Oil continues to whipsaw wildly, as a mix of good and bad news causes its price to swing wildly. Fears of a global recession, the U.S./China trade war, stagnant economic growth in the Eurozone, and growing inventories are all weighing on its outlook. This caused the North American benchmark West Texas Intermediate (WTI) to pull back sharply in recent days after it surged because the attacks on Saudi Arabia’s oil infrastructure last month. WTI is now down by 30% over the last year to be trading at around US$52 per barrel, and this is weighing heavily on energy stocks.
Nonetheless, it shouldn’t deter investors from bolstering their exposure to energy stocks and has created an opportunity to acquire quality names at an attractive valuation. Here are two top energy stocks that every investor should consider adding to their portfolio.
King of the oil sands
It has been a tough year for investors in oil sands giant Canadian Natural Resources (TSX:CNQ)(NYSE:CNQ), which has lost 18% over that period. The company has amassed an impressive 13 billion barrels of oil reserves, which are primarily focused on the oil sands but also include mineral concessions in the North Sea and offshore Africa. Canadian Natural Resources was one of the oil sands producers hardest hit by the deep discount applied to Canadian heavy crude during the second half of 2018, but a focus on reducing costs and driving capital efficiencies has seen a significant turnaround in its operations.
Canadian Natural’s focus on reducing costs and improving its access to energy markets was responsible for its second-quarter 2019 netback increasing by 18% year over year to $24.67 per barrel. This is despite the average price for WTI over the quarter being 12% lower compared to a year earlier.
That can be attributed to the average price differential between Western Canadian Select (WCS) and WTI being almost half of what it was for the second quarter 2018, a 7% year-over-year reduction in transportation costs and 8% decrease in production expenses. This saw net earnings soar to be almost three times greater than a year earlier to $2.36 per share, although Edmonton’s decision to reduce the corporate income tax rate by 1% and higher WCS prices because of Alberta’s mandatory production cuts also assisted.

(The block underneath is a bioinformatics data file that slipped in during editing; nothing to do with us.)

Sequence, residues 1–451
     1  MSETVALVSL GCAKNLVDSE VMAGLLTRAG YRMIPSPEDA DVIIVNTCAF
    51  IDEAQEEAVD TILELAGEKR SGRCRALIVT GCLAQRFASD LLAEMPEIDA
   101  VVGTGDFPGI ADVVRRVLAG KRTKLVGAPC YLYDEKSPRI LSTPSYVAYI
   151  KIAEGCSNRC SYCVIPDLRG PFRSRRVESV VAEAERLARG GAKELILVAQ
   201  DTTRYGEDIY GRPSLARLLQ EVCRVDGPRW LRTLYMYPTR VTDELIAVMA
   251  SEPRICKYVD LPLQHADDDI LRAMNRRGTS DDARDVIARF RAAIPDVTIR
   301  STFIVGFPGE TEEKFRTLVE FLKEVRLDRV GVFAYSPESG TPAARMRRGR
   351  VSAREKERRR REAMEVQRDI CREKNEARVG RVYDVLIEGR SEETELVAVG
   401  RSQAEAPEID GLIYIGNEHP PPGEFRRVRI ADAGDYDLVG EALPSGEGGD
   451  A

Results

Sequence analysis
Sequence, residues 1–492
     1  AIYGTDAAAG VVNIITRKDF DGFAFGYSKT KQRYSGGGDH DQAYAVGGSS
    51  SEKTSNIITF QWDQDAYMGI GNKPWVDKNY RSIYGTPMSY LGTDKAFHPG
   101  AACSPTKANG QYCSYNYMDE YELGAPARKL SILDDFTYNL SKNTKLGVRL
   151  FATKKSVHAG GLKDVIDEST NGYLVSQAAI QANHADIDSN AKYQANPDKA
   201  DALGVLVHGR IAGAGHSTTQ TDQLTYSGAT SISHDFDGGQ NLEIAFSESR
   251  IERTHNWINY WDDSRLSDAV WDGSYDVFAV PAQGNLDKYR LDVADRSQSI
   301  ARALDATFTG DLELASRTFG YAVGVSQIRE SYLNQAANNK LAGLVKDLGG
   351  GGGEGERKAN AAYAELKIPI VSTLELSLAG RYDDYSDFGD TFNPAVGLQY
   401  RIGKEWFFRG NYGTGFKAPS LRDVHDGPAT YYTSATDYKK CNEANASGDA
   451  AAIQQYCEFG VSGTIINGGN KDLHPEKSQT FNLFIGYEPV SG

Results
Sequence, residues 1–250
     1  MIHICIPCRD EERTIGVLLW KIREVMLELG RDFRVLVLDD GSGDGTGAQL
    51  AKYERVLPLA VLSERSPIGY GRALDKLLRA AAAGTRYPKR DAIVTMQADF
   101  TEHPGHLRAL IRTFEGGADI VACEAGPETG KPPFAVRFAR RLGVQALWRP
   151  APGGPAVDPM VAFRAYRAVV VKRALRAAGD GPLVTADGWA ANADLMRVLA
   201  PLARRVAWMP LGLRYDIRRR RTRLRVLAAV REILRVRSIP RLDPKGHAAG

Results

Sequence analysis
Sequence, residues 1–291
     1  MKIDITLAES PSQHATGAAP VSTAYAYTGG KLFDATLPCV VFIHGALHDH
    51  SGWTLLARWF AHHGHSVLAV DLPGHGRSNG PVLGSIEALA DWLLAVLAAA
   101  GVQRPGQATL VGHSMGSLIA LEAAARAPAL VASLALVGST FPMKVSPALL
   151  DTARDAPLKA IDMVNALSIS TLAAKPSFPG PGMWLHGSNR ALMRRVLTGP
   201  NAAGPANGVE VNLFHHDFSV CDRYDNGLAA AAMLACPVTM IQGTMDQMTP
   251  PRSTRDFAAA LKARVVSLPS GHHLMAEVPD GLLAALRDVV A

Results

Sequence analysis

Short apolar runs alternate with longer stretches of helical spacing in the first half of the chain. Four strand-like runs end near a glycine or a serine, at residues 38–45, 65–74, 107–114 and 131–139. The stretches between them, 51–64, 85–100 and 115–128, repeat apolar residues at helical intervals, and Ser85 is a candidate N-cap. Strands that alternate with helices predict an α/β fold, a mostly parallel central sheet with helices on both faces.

There is every indication that Canadian Natural’s earnings will continue to grow because of a narrower differential between WCS and WTI as well as its focus on boosting efficiencies. Patient investors will be rewarded by Canadian Natural’s dividend yielding a juicy 4% while they wait for its stock to appreciate.
Leading energy infrastructure provider
Despite being a major provider of vital energy infrastructure and midstream services in North America, Enbridge (TSX:ENB)(NYSE:ENB) has been highly unpopular with investors — to the point where it is the eighth most shorted stock on the TSX. That is also regardless of signs that Enbridge has turned its business around, including the roll-up of its other listed vehicles into a single entity and reducing its debt to a more manageable 4.5 to five times EBITDA.
Enbridge, which possesses a wide almost insurmountable economic moat, is responsible for transporting a quarter of North America’s crude and a fifth of its natural gas. This, coupled with steep barriers to entry preventing competition, sees Enbridge operating in an almost oligopolistic market, which allows it to an extent to be a price maker rather than a price taker. That, along with the contracted nature of its revenues, virtually guarantees earnings growth.
There is considerable pent-up demand for the utilization of Enbridge’s infrastructure, transportation, and storage facilities because of a significant lack of pipeline exit capacity in Canada. This, combined with Enbridge working on a $19 billion portfolio of projects, including the crucial Line 3 Replacement, and growing Canadian oil production will drive higher demand for its services, giving earnings a solid boost. While shareholders wait for its stock to rise, they will be rewarded by Enbridge’s regularly growing dividend, which it has hiked for the last 23 years straight to be yielding a very juicy 6%.
This article represents the opinion of the writer, who may disagree with the “official” recommendation position of a Motley Fool premium service or advisor. We’re Motley! Questioning an investing thesis — even one of our own — helps us all think critically about investing and make decisions that help us become smarter, happier, and richer, so we sometimes publish articles that may not be in line with recommendations, rankings or other content.
Fool contributor Matt Smith has no position in any of the stocks mentioned. The Motley Fool owns shares of Enbridge. Enbridge is a recommendation of Stock Advisor Canada.